No preacher sets out to be anthropocentric. It usually happens when preachers try to be relevant by crossing the gap between the world of Scripture and the world of today, but fail to bridge this gap properly. They end up transferring isolated elements of the text rather than its central message.
This leads to preachers, for instance, using the story of Joseph being thrown into a pit to talk about the pits of depression, or of David’s lamenting of the death of Absalom to talk about parenting.
Here, according to Sidney Greidanus in The Modern Preacher in the Ancient Text, are the ways that sermons go off the track and become anthropocentric:
- Allegorizing, “which searches beneath the literal meaning of a passage for the ‘real’ meaning.” For instance, The Song of Solomon is understood in this approach to be about the love between Christ and the church.
- Spiritualizing, which “discards the earthly, physical historical reality the text speaks about and crosses the gap with a spiritual analogy of that historical reality.” For instance, the story of Jesus stilling the storm is taken as a lesson on how Jesus handles “storms” on the “sea of life.”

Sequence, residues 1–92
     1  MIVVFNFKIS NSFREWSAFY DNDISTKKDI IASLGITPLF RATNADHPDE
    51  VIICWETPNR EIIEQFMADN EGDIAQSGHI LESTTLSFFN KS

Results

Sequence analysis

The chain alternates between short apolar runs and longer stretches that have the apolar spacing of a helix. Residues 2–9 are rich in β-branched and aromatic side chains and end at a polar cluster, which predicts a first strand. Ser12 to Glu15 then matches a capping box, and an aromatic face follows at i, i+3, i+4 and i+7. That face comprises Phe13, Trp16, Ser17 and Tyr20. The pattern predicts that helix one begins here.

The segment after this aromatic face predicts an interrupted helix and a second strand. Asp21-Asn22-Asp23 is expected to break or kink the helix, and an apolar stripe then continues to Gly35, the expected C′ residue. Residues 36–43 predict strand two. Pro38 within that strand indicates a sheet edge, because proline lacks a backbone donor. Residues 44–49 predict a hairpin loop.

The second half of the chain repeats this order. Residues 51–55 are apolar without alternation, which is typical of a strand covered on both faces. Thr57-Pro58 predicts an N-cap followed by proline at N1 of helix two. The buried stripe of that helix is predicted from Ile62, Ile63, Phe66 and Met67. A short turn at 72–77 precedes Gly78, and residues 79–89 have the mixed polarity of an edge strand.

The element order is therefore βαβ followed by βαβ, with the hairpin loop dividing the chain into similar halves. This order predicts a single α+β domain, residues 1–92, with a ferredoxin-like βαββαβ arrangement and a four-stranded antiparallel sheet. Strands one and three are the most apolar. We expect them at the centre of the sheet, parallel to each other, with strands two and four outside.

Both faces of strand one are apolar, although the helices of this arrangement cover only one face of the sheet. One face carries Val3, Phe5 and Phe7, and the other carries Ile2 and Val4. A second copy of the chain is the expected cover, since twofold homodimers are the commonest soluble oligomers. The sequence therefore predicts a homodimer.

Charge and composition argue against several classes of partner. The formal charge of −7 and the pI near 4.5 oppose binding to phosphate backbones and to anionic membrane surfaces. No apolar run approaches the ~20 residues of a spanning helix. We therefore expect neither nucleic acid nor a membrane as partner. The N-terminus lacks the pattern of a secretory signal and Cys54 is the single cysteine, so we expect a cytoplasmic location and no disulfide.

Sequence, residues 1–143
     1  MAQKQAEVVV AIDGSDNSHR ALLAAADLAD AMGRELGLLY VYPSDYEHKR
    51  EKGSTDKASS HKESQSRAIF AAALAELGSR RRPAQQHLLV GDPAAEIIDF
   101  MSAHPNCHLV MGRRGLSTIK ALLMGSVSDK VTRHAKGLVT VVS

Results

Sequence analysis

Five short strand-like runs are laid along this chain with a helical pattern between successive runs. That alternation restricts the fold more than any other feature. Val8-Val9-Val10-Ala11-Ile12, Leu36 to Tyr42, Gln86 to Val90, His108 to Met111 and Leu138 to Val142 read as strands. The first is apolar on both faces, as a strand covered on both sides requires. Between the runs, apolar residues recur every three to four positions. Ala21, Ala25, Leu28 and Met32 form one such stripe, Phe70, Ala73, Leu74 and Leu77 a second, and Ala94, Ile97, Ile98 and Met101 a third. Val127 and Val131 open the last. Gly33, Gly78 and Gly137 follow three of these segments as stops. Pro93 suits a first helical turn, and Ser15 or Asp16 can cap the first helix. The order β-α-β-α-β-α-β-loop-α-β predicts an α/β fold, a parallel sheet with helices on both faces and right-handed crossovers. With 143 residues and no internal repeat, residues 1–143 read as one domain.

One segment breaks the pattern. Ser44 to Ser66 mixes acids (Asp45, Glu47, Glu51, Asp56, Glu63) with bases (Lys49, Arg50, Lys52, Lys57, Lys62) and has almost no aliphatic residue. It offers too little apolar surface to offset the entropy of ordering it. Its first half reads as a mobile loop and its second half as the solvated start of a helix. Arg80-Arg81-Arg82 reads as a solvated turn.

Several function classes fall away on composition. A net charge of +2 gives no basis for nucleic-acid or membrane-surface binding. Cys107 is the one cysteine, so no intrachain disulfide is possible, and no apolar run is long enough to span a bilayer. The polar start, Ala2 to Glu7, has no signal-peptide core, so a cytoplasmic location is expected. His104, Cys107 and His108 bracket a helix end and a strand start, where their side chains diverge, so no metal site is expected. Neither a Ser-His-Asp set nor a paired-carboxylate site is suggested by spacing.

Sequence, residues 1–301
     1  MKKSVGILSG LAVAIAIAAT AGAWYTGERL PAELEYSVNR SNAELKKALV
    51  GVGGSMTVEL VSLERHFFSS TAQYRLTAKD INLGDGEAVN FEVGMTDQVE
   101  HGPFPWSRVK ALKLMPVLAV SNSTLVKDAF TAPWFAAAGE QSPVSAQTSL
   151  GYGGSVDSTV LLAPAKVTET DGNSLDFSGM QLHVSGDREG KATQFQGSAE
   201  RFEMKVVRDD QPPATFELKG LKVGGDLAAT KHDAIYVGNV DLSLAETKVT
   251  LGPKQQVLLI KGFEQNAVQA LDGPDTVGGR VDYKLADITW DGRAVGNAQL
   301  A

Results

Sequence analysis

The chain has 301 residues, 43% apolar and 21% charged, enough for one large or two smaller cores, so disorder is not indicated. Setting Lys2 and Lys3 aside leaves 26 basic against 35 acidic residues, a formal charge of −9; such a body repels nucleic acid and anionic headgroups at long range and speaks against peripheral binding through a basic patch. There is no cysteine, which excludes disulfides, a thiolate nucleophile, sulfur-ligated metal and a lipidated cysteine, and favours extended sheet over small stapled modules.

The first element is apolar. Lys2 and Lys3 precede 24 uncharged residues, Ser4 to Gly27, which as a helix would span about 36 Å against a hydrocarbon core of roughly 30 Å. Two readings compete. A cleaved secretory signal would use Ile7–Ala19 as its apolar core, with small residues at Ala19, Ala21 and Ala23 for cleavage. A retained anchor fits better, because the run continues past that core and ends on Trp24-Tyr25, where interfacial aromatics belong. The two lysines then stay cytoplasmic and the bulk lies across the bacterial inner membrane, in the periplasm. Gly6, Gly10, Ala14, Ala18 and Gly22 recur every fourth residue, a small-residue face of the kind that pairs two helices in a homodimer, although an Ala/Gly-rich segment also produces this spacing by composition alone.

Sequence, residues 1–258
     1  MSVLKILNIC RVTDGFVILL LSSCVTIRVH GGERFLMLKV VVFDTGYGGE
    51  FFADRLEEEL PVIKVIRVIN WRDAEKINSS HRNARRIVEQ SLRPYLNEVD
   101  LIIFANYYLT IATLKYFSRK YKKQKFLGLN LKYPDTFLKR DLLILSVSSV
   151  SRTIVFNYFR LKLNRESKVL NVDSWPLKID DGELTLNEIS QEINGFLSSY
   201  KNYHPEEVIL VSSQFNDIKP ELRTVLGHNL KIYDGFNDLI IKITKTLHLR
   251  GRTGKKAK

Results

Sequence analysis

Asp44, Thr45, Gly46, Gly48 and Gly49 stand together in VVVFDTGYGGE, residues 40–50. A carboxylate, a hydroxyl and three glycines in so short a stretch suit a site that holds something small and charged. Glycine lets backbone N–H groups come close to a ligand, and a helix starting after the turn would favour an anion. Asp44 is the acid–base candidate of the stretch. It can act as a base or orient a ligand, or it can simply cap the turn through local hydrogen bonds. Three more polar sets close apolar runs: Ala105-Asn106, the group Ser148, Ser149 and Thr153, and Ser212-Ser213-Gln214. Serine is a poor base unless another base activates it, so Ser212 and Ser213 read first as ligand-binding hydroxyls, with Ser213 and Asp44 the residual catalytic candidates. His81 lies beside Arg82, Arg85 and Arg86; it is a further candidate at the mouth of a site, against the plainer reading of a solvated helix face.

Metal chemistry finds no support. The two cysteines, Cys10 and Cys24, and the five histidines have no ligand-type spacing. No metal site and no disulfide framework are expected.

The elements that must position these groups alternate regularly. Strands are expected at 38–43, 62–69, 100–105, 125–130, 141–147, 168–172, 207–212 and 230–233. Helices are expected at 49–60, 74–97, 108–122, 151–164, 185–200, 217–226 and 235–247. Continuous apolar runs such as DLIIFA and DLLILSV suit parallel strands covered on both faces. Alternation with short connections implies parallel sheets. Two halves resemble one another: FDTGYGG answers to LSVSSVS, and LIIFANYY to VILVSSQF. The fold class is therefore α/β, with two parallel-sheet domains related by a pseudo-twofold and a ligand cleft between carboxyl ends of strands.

- Imitating Bible characters, which uses the characters of the preaching text as “examples or models for imitation.” For instance, Abraham is preached as an example of faith, or Joseph as someone who moves from pride to humility. Among other problems, this approach “tends to shift the theocentric focus of the Bible to an anthropocentric focus in the sermon” and is a “dead-end road for true biblical preaching.”
- Moralizing, which emphasizes “virtues and vices, dos and don’ts” without “properly grounding these ethical demands in the scriptures.” This is common in biographical preaching, ignores the intention of the text, can turn “grace into law by presenting imperatives without the divine indicative,” and transforms “the theocentric focus of the Bible into anthropocentric sermons.” It transforms the Bible into a set of moral precepts and examples.